affirmative action

Campus radicals shout list of demands, pledge to disrupt meetings until demands met

An aggressive pack of protesters recently stormed a University of Michigan Board of Regents meeting, repeatedly screamed chants to drown out the meeting, got in a physical altercation with security guards that included pushing and shoving, and ultimately forced campus leaders to quickly leave the room under protection of campus security.

The two dozen protesters – some students, some local activists – were led by members of the radical community-based group By Any Means Necessary, or BAMN, who had planned the protest publicly for weeks. Referring to the Black Action Movement that famously shut down the University of Michigan in the spring of 1970 as inspiration, BAMN’s efforts ultimately failed to shut down the campus but succeeded in taking over the meeting.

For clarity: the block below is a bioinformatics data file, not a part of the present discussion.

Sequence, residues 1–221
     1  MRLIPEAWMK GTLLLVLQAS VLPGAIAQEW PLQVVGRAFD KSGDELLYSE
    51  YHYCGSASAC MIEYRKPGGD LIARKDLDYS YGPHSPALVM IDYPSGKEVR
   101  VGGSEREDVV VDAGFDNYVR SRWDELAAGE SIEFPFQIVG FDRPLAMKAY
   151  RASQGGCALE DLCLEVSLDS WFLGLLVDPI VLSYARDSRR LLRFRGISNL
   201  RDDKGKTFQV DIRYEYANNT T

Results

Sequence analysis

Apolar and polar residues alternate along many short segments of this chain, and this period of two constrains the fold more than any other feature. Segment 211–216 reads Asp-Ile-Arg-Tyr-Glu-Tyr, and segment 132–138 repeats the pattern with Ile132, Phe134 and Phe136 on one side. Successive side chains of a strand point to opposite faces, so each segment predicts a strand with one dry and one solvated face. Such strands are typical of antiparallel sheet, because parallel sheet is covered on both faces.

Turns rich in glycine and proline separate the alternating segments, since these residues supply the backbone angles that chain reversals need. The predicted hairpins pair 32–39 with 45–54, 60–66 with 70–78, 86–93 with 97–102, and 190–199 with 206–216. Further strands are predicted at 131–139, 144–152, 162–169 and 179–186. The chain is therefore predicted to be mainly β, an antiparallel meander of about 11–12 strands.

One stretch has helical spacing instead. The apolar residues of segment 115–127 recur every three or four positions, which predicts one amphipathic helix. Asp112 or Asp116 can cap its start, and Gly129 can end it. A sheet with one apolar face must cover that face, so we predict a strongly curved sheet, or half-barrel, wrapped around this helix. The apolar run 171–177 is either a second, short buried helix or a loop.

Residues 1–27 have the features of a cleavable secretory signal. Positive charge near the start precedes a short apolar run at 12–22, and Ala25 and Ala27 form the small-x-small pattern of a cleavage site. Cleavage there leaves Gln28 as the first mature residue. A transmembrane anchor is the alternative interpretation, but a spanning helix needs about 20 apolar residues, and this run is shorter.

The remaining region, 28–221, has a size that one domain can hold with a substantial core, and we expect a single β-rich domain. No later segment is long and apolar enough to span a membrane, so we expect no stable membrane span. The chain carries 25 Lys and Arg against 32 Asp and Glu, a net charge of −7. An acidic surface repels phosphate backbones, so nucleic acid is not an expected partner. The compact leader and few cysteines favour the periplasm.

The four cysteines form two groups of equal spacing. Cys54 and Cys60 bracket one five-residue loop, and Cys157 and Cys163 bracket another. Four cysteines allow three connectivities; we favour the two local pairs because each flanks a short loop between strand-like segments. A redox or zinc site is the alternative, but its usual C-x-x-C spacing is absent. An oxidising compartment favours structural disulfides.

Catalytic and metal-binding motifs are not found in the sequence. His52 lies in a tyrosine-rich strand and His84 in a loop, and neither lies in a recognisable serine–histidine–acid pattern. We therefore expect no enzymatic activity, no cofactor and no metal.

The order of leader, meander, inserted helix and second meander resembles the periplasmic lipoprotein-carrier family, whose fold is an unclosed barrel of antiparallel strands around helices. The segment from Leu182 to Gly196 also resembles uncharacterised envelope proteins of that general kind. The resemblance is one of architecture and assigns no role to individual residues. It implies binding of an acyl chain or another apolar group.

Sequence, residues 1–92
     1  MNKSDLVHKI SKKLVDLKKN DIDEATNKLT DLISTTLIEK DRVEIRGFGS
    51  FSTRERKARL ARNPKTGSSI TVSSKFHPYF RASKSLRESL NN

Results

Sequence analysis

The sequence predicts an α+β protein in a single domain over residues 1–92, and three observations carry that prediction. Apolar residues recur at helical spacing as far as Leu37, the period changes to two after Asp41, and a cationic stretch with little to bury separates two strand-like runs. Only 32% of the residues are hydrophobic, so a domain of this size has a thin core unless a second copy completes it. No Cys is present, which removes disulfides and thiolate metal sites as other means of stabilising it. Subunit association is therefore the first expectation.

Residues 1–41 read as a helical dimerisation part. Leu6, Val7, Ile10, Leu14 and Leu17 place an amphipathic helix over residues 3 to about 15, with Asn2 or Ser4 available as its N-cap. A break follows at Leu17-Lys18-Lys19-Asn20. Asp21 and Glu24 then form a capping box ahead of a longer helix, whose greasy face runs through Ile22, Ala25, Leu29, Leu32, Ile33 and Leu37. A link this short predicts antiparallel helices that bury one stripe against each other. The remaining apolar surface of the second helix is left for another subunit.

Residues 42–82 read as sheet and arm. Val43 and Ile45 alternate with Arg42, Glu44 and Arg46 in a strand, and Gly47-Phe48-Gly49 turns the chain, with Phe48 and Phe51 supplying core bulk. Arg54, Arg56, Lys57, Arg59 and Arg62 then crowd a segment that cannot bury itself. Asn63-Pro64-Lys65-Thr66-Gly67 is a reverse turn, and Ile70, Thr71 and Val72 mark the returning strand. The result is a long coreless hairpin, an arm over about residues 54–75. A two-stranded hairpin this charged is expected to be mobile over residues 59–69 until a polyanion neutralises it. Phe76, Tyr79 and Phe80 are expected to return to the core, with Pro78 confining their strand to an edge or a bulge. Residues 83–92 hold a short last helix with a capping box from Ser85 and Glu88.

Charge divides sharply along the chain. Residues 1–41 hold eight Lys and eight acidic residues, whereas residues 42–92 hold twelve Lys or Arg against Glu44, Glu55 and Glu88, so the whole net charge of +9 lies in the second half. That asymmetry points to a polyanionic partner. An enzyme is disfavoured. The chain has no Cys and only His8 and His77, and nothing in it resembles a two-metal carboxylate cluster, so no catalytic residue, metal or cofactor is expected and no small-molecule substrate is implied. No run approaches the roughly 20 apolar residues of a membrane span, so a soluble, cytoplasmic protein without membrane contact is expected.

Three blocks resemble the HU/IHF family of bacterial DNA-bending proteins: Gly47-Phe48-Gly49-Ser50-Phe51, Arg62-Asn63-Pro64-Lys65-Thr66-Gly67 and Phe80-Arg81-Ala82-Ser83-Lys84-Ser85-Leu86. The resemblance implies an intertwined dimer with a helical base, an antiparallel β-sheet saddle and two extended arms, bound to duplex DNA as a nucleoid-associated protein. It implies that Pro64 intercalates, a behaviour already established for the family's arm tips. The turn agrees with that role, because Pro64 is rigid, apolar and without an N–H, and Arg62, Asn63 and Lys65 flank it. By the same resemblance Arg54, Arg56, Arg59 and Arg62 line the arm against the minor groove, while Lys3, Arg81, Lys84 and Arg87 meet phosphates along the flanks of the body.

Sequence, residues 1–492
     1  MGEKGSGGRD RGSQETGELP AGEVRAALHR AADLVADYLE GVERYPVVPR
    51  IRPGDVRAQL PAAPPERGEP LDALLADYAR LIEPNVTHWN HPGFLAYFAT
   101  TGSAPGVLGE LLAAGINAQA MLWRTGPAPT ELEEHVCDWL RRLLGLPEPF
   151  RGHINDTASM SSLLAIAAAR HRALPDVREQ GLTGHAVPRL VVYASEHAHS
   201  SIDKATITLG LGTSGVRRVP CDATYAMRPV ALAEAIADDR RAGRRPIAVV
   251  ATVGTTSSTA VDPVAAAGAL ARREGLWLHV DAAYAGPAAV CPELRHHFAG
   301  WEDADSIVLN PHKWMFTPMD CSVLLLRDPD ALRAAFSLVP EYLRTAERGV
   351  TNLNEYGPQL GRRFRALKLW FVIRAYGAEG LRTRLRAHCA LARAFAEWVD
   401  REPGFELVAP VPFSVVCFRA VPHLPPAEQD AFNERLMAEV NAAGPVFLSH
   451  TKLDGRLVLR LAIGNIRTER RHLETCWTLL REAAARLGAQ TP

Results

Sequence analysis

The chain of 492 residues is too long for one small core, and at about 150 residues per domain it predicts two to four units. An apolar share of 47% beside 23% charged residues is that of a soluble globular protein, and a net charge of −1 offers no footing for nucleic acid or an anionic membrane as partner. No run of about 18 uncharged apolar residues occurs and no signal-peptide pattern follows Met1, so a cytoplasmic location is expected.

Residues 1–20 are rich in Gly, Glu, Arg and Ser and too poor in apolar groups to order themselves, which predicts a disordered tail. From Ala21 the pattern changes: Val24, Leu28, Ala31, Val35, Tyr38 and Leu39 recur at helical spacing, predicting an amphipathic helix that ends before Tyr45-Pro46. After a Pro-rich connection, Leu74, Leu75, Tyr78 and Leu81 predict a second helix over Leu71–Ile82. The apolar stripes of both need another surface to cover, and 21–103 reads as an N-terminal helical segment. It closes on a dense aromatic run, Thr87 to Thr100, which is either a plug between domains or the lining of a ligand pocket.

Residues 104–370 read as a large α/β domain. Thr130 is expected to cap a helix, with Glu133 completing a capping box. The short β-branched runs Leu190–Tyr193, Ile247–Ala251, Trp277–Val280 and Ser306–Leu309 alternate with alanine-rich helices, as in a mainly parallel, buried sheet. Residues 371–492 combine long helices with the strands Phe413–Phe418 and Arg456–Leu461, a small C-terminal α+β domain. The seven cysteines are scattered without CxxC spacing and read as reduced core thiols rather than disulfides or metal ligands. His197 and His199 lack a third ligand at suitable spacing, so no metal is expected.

“We are holding the meeting today that is the real meeting, that is the meeting of the students,” lead organizer student Kate Stenvig declared as students and other attendees who came to witness the regent’s meeting began filing out of the room.

Their demands?

“Double Underrepresented Minority Student Enrollment.”

“Jail Killer Cops.”

“Make U of M a Sanctuary Campus – No Immigration & Customs Enforcement on Campus.”

“We’re going to keep shutting these meetings down and having our own meetings until these demands are met,” Stenvig said.

The Nov. 20 coup took place five minutes into the start of the board meeting, as the 20 or so protesters drowned out Ann Arbor Mayor Christopher Taylor’s remarks with well-rehearsed chants such as “we don’t need another committee, open it up to Detroit city” and “Minority enrollment’s been going down, open it up or we’ll shut it down.” At times they screamed the chants.

They marched toward the roped off regents’ area, leading to a physical altercation with security that prompted the regents to sneak out the back exit of the Michigan Union’s Anderson Room out of fear for their safety, administrators said at the time. A video taken by The College Fix shows pushing and shoving and other aggressive tactics between protesters and security.